Alzheimer’s Disease and Related Dementia – which is known, collectively, as “ADRD” – is becoming increasingly prevalent. In the United States alone, there are currently 5 million sufferers. By the year 2025, the Alzheimer’s Association estimates that number will increase to 7 million. It is becoming increasingly important for care facilities that specialize in treating Alzheimer’s Disease and Related Dementias – assisted living facilities, memory care units, nursing homes, and adult day care centers – to place a special emphasis on designing those facilities in such a way that they factor in and consider the unique needs of the ADRD patients in which they serve. In this two-part series, we here at Hardcore Electric will expound on several significant points that should be considered when creating Alzheimer’s disease and dementia care facilities – in terms of lighting.
The Most Common of Mental Disorders
Before delving into details associated with lighting considerations for those suffering from Alzheimer’s and/or dementia, it is first important to express the fact that these brain diseases are now considered to be the most common of all mental disorders. Patients suffering from these serious medical issues often experience complications with disruptions to the normal sleep-wake pattern, are known to experience moderate to severe bouts of nocturnal wandering, suffer from agitation, may become verbally abusive, and may even resort to physical violence. In fact, these troublesome challenges are the most common reasons why patients with these brain diseases are transitioned into care facilities. As the disease advances, abnormal sleep patterns worsen. As a result, more highly aggressive behavior is likely to occur in the daytime hours. Studies have now confirmed that utilizing non-pharmacological treatment options – such as light therapy and the installation of certain types of lighting within Alzheimer’s and dementia care units – are gaining in popularity and are providing substantial benefits to patients, as well as those that care for those patients. Additionally, lighting is relatively inexpensive – compared to medications – and it is much safer, resulting in far fewer risks when it comes to side effects.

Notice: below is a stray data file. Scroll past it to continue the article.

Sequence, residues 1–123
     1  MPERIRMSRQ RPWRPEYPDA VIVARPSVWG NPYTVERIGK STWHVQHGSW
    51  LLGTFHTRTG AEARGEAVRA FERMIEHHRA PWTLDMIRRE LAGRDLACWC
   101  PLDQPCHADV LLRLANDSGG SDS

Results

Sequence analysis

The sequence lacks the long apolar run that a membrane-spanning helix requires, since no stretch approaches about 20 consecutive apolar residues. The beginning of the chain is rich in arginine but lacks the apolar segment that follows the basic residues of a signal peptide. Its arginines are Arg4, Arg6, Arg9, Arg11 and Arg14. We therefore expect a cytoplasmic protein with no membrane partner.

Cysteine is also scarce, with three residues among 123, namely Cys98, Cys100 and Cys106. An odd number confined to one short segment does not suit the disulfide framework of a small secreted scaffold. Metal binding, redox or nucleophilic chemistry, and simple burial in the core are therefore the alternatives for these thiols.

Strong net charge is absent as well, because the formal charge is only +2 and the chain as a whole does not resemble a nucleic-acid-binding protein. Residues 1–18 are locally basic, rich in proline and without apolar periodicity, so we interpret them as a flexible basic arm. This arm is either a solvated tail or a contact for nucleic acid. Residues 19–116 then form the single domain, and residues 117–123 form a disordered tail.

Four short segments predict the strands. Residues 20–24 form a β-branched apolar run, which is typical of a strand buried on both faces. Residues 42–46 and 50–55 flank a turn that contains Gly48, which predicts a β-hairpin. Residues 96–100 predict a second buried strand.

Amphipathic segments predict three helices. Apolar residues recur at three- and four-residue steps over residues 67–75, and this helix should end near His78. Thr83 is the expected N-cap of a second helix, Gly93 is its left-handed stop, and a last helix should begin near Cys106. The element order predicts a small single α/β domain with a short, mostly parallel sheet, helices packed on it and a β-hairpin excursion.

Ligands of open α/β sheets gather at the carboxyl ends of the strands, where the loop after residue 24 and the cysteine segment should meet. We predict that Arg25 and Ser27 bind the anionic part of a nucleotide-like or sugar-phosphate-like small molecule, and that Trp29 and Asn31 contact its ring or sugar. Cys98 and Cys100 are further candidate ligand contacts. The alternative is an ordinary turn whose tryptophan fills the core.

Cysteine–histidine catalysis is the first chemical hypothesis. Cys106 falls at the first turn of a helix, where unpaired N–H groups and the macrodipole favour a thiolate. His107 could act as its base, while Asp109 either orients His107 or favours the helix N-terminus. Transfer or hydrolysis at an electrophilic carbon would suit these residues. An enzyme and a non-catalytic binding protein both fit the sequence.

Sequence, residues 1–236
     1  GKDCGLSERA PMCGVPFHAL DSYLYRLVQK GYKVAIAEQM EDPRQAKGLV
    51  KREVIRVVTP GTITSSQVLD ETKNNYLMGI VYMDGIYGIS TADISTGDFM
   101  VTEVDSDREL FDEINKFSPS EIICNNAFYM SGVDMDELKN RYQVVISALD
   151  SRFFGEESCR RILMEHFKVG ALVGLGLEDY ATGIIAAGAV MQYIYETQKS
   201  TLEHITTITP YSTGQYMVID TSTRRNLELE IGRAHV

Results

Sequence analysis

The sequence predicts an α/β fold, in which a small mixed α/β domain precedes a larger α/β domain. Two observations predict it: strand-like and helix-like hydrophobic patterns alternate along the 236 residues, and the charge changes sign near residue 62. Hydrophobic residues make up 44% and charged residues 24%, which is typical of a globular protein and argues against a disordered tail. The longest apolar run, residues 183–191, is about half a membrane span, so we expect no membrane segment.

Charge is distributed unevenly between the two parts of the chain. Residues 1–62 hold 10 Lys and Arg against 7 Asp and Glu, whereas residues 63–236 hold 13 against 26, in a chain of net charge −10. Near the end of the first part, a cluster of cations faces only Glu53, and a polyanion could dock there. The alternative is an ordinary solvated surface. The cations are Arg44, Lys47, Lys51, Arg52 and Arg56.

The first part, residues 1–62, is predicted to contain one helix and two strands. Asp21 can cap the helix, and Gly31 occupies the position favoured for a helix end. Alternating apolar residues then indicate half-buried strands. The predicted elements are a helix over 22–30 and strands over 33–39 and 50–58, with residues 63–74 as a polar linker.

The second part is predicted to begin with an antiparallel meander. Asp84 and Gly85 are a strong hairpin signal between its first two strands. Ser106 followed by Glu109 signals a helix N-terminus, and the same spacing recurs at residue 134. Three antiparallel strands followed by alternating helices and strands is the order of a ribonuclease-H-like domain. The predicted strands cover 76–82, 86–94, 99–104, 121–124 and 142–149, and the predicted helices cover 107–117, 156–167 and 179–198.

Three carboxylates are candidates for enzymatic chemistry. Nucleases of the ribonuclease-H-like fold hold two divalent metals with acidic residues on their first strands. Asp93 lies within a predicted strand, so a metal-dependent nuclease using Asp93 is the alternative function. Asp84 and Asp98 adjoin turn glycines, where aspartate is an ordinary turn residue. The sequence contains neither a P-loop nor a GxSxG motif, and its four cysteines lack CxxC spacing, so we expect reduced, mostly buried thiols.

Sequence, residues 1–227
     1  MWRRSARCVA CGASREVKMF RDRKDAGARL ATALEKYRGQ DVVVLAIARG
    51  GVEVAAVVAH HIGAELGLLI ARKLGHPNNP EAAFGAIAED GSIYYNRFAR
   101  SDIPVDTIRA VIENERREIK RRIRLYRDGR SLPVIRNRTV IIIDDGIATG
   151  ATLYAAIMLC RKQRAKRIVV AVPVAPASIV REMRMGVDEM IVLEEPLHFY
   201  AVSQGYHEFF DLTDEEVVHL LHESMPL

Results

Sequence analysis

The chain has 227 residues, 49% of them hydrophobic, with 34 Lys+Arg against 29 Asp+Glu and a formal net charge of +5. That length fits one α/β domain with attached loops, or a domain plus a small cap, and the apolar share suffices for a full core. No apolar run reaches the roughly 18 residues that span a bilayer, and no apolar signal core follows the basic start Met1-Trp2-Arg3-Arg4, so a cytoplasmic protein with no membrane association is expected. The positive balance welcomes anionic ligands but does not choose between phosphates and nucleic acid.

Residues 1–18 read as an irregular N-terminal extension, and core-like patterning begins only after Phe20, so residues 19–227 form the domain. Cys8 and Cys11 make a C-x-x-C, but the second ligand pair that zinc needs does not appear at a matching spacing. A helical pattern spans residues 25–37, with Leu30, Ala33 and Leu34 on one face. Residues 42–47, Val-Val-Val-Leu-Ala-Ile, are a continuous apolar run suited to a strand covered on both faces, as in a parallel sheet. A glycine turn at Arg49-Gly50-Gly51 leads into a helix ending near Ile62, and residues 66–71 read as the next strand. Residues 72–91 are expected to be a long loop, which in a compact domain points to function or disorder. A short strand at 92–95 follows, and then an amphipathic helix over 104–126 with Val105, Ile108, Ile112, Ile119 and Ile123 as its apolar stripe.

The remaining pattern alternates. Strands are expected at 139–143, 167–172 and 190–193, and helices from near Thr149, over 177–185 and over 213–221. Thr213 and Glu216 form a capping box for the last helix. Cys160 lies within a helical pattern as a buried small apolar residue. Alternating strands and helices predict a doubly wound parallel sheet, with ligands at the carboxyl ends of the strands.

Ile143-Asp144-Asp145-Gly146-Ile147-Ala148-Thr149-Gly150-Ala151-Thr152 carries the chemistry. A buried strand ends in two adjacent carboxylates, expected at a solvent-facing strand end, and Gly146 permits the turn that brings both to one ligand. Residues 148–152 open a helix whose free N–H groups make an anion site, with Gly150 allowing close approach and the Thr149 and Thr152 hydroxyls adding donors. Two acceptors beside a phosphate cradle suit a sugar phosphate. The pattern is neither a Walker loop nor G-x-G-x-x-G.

It is a known fact that most individuals with Alzheimer’s and related dementias experience disruptions to their circadian rhythm. This is a cycle that is slightly over 24 hours that is directly involved in the physiological processes of the living. While considered to be that which is generated endogenously, it has been found that it can be directly impacted by external factors – such as light and temperature. Brain wave activity, the regeneration of cells, the production of hormones, and other biological-based activities are directly linked to the circadian rhythm. Blue lights are specially designed to stimulate the blue coloring of the sky, which actually triggers individuals to wake up.
In addition to stimulating individuals to wake up, blue lights have the capability of increasing melatonin production at night. Melatonin is a special hormone that is created by a special gland in the brain, the pineal gland. If a patient’s melatonin levels are increased at appropriate times and in conjunction with the circadian rhythm, the individual is likely to experience a higher-quality sleep and for the proper number of hours for their needs. Individuals that experience complications in melatonin production will display interruptions in sleep patterns. In patients with Alzheimer’s and/or dementia, this could result in mood swings, aggression, and similar types of behavioral issues.